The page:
“Preschoolers have a magical way of thinking along the lines of: If I don’t want to do it, I don’t have to. And so as parents, the first thing we have to understand is where they’re coming from,” Stadtler says. “Having your child sit on the toilet even if they don’t have to do anything, and then reinforcing that action with a pleasurable behavior [reading a favorite book, etc.] makes the toilet training family focused. Each time the child agrees to sit on the toilet, whether they go or not, give reinforcement so the child feels successful. Kids can try things out but if they don’t feel successful, they’ll pull back.”

If a child has a painful bowel movement in the beginning, they may regress from the training and think they can hold it in forever to avoid the pain. At that point, it’s best to see your pediatrician to help ease any constipation and soften the child’s stool so it won’t hurt again and training can resume.


Toddlers can be some of the most stubborn people. “After all, a toddler’s favorite word is no!” Stadtler says.

If that's the case at mealtimes, Dr. Brazelton said don’t worry. “In reality, a child doesn’t need to eat but four things a day to do well: a pint of milk, a multivitamin, 2 ounces of protein (meat, cheese, beans, etc.) and some orange juice.”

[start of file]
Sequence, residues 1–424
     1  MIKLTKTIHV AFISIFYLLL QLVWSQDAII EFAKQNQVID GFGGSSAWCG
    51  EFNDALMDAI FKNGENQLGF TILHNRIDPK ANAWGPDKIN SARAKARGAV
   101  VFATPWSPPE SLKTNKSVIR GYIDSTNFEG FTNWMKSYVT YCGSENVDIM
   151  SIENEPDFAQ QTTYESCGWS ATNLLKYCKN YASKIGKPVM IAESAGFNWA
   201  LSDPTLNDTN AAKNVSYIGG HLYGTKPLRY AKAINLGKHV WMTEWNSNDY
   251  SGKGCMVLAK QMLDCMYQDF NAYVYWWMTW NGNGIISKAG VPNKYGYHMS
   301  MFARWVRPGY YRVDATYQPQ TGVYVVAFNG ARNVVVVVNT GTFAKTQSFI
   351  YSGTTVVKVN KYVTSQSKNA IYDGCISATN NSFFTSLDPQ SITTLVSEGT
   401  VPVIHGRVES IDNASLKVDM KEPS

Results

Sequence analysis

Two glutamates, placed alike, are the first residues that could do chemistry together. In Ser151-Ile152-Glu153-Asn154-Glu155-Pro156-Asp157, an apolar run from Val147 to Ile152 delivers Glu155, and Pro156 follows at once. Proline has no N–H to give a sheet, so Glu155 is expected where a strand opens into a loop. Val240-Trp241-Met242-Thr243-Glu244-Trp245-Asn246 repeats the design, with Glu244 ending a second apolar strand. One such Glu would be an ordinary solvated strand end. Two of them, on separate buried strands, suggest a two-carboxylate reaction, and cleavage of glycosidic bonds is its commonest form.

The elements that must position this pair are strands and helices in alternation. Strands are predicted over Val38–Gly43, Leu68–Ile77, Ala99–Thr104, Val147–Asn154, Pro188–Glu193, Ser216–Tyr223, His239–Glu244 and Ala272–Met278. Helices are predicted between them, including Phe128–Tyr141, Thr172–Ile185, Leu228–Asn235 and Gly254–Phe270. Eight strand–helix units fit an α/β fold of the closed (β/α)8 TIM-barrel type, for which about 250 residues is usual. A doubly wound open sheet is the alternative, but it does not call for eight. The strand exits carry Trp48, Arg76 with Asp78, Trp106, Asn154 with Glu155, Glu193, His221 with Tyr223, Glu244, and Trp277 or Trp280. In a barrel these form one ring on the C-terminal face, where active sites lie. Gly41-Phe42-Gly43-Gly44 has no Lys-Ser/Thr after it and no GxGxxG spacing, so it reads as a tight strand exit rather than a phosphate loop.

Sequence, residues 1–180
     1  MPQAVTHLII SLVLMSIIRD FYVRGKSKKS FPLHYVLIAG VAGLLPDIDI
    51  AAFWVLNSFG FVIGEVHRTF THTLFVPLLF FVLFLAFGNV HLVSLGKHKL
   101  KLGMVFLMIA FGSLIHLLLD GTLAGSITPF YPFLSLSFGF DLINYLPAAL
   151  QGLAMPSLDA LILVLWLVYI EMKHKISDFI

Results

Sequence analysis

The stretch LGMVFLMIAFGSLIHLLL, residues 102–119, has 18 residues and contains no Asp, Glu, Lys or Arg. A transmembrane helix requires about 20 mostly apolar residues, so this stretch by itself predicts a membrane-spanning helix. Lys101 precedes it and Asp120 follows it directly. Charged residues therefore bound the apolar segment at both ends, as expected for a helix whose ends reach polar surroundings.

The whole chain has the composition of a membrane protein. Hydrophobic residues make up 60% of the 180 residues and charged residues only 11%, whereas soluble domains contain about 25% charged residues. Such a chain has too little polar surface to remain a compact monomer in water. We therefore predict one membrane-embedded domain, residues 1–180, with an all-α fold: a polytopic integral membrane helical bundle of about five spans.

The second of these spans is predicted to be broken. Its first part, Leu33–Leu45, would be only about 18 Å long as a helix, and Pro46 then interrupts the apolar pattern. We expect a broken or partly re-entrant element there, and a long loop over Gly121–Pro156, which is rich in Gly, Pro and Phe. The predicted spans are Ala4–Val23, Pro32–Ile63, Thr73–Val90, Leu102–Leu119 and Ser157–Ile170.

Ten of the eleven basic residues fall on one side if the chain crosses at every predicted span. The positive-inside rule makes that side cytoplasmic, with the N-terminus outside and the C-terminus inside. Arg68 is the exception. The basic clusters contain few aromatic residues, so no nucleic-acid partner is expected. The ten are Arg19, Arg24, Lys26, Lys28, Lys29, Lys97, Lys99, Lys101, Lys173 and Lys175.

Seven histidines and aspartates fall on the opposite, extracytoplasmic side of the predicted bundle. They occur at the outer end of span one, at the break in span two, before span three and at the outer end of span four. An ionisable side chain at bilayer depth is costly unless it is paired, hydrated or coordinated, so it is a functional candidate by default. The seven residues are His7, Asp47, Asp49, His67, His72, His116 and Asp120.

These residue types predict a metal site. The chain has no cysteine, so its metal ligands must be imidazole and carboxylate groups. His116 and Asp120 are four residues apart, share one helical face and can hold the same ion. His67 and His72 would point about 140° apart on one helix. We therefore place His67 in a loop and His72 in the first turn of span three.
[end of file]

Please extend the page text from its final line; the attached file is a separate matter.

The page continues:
The key to this refusal of food is your reaction. In the bid for control, if the child perceives they’re affecting the parent, they'll continue that behavior. So it’s best to remain nonchalant and offer food again later, Dr. Brazelton  said.

Whether they’re refusing to eat dinner for the third night in a row or staging a meltdown at the grocery store, Dr. Brazelton advised to approach your child with a calm, loving manner, which should ease the tension.

“The toddler years are a very high-excitement period,” he says. “And children pick up the values and attitudes modeled by their parents. So it’s important to model the behavior you want to see in your child.”


• Dr. T. Berry Brazelton, founder, Brazelton Touchpoints Center
• Ann C. Stadtler, founding faculty member, Brazelton Touchpoints Center